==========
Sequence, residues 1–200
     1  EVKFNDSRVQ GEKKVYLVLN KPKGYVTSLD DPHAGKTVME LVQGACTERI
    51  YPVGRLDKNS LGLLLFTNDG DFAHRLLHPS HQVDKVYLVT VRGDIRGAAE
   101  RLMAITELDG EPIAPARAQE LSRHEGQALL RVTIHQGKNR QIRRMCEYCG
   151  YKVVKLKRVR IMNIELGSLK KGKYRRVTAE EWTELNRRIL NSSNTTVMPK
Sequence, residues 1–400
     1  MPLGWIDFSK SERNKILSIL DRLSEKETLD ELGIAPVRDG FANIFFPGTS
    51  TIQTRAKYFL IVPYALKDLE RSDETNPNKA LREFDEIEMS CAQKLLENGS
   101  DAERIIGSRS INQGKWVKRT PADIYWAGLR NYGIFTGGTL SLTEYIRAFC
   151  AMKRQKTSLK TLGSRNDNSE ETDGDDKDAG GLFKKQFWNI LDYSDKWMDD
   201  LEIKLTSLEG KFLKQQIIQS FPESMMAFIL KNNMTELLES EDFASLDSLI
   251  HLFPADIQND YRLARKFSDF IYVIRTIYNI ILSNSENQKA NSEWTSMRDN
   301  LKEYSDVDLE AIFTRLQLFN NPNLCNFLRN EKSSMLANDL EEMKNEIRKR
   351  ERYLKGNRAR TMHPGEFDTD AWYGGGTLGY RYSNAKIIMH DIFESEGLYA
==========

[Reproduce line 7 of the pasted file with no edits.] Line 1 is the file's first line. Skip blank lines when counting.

     1  MPLGWIDFSK SERNKILSIL DRLSEKETLD ELGIAPVRDG FANIFFPGTS